If you look at the latest threats for Windows, probably 70% of them are trojans of some sort.

          Looking at Symantec's website, the remainder are all variants on the exact same application - VirusDoctor. So the true percentage of trojans (as opposed to viruses) is probably much higher than 70%.

        • by drsmithy (35869)

          And if you're talking about those instances of trojans that rely on social engineering, what anti-virus program can defend against a user who willingly types in an administrative password and installs the malware on his own?

          Er, that's pretty much the whole *point* of AV software - the last ditch effort to protect the user trying to shoot himself in the foot.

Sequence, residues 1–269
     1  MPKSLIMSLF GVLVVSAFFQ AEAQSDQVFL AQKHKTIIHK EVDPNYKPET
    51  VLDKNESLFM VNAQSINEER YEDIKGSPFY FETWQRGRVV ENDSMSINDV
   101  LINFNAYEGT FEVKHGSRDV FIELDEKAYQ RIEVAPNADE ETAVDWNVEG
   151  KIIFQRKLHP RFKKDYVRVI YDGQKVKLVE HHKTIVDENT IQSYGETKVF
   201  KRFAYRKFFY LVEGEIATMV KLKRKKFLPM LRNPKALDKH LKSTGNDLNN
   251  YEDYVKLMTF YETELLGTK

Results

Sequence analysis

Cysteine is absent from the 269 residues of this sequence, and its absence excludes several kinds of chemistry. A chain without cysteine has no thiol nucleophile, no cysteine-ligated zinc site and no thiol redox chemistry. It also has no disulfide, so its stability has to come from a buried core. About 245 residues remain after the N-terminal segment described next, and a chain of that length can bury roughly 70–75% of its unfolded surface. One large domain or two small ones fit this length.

A massive proportion of malware uses the trojan horse model. The reason we have AV software at all, is because OS-level security can't defend against i

    • by Compaqt (1758360)

      Even though that might be true, I think they want to scan all email to prevent viruses being passed around to Windows users, say from a Linux user whom it doesn't affect.

    • Re:Last Resort (Score:5, Interesting)

      by fuzzyfuzzyfungus (1223518) on Monday May 02, 2011 @07:53AM (#35998642) Journal

      Anti-virus is a security last resort. If you've already downloaded or executed malware, then anti-virus might prevent it from running, or might be able to remove it if it already has. But it can't detect everything. It can only detect common malware. Linux doesn't have any common malware, and I'm not sure about Mac. There is clamav, but that's mostly detecting Windows viruses across platforms.